Running a small business can be hectic, and sometimes it feels as though it’s you against the world. Thankfully, you’re not the first person to go down this path and there is plenty of information out there to help you figure out how to make your business succeed. With that in mind, we put together a list for small business owners of resources that offer great information and learning opportunities for all kinds of companies.
1) Smart Hustle
Smart Hustle’s magazine-style format is packed with great content for small business owners. Articles range from interviews with business owners and commentary on what’s happening in the world of small business. Recent stories have included 4 Major Lessons from Super Bowl LI We Can Apply to Small Business and The Truth About Ramping Up (Or Winding Down) Your Seasonal Small Business.
Forbes’ Small Business section offers a variety of coverage of small business issues from Forbes’ network of contributors. Everything from winning social media techniques to an in-depth profile of a family-owned sausage company keeps readers informed and up-to-date in Forbes’ trademark style.
Copyblogger has been around for more than a decade, teaching people the art and science of attracting eyeballs online with content. These days, it’s called “content marketing” and Copyblogger is still going strong. They now offer training and education for businesses as well as a blog full of great content, including valuable articles on audience engagement and how to utilize cognitive biases to persuade readers.
Harvard Business Review covers a range topics that all business owners are interested in, regardless of the size of your business. Their Difficult Conversations series tackles tricky topics like how to respond to offensive comments in the workplace or how to deliver criticism productively. Coupled with in-depth coverage of consumer trends and spotlights on successful businesses, HBR is a must-read for small business owners.
Barbara Weltman’s business books focus on technical aspects of running a small business, like taxes and building credit. Her blog is similarly focused and provides great content for small business owners who of course need to keep an eye on the bottom line. She weighs in on topics such as the pros and cons of hiring additional staff and offers useful advice on how to stay current amid changing state and local employment laws.
1) Shoe Dog
Shoe Dog tells the tale of Nike founder Phil Knight. It goes from the company’s early days as a start-up—founded with a $50 loan—to the company’s current position as one of the most iconic and influential global brands with sales of more than $30 billion. Bill Gates called Shoe Dog “a refreshingly honest reminder of what the path to business success really looks like. It’s a messy, perilous, and chaotic journey riddled with mistakes, endless struggles, and sacrifice.”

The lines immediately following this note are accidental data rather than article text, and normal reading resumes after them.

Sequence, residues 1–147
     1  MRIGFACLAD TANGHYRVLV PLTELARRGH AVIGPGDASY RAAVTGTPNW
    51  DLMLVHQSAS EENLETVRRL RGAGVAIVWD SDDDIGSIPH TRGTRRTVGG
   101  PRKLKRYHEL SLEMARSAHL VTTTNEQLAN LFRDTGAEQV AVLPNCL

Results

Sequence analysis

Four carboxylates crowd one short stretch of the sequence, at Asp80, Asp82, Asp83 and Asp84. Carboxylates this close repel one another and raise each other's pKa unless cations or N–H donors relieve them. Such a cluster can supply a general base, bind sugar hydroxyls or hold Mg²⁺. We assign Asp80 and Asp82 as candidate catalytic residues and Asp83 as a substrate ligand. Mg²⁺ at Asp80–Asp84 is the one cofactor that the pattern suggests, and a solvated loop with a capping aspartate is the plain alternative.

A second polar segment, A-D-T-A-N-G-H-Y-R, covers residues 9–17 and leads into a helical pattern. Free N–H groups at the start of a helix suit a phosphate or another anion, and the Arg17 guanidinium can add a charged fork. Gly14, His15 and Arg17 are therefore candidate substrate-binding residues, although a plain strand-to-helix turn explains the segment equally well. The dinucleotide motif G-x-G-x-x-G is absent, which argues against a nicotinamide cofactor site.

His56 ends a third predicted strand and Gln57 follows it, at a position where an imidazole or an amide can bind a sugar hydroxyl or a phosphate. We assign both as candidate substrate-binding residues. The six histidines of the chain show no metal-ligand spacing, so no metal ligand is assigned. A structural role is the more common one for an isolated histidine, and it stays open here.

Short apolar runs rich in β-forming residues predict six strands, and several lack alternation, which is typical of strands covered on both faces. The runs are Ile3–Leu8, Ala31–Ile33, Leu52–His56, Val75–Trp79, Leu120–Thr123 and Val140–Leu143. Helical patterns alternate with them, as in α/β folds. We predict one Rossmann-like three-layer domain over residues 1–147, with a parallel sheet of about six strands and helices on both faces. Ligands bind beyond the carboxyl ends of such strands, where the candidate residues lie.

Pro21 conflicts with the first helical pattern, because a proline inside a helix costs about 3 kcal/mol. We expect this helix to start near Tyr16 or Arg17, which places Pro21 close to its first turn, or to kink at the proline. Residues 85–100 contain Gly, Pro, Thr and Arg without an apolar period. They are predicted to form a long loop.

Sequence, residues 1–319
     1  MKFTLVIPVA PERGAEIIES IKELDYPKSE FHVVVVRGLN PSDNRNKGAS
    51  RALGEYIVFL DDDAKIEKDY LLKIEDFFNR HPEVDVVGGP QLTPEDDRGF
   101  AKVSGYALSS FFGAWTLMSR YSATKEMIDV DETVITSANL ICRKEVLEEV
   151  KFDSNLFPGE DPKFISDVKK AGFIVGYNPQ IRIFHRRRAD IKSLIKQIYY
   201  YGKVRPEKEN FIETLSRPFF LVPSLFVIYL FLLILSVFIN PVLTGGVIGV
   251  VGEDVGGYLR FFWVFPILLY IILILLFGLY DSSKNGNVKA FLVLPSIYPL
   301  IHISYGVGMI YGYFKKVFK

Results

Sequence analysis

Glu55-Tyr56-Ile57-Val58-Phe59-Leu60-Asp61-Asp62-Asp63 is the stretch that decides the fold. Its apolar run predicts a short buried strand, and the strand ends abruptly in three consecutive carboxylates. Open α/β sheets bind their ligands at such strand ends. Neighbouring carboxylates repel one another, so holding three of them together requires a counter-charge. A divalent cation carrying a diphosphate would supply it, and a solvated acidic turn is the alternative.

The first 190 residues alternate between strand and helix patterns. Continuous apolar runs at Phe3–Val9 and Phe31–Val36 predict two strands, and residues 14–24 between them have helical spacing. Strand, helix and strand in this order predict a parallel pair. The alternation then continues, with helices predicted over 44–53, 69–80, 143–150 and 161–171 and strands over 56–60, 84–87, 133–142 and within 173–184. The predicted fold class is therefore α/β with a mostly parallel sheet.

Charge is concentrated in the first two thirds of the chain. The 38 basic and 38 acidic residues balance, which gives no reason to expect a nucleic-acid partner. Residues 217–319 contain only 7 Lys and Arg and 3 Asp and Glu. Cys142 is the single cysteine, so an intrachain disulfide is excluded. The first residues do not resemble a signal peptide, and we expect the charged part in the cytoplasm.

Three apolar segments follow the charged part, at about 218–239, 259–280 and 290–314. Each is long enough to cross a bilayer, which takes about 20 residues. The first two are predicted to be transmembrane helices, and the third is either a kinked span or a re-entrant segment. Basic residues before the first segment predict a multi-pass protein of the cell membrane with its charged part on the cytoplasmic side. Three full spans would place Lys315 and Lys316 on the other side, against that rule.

Silicon Valley life hacking guru Tim Ferriss’ latest tome (it clocks in at well over 600 pages) is a collection of advice culled from people who Ferriss has interviewed. The book’s full title is The Tools of Titans: The Tactics, Routines, and Habits of Billionaires, Icons, and World-Class Performers, which should give you a sense of the people and ideas contained within. It’s chock-full of tips on everything from meditating to wireless routers, and it sticks to Ferriss’ brass-tacks, fast-paced style.
Antonio García Martínez’s memoir is a bit gritty. The New York Times starts off their review by saying “There is plenty not to like…” while going on to laud the book as “irresistible and indispensable.” Bloomberg calls out the author’s sometimes offensive remarks but says “he can be rude, but he’s shrewd, too.”
Chaos Monkeys: Obscene Fortune and Random Failure in Silicon Valley follows the author as he leaves Goldman Sachs for a valley startup and eventually lands at a pre-IPO Facebook. He gets fired (of course) and starts working with Twitter (of course). Along his path, García Martínez is exposed to some of the best and worst tendencies of the Valley.
Angela Duckworth’s Grit: The Power of Passion and Perseverance shows readers that the secret to success is a particular combination of passion and persistence. Drawing from her own life experience as a researcher and professor, as well as interviews with successful people across disciplines, Duckworth sheds light on what people can accomplish through their own determination and skill.
With a slate of 18 shows in cities across the United States, chances are there’s a Small Business Expo happening near you. Each event features workshops, networking events, keynotes, and an expo floor packed with products and services for small businesses.
June 20-22nd the Women’s Business Enterprise National Council’s Business Fair will be happening in Las Vegas. The four-day conference will feature workshops, lectures, panel discussions, networking events and more than 350 exhibitors geared toward women-owned businesses.
Taking place April 6-7 in San Francisco, Launch Festival brings together startup founders and investors with a full slate of events and workshops as well as a two-day “Founder University” educational track prior to the event.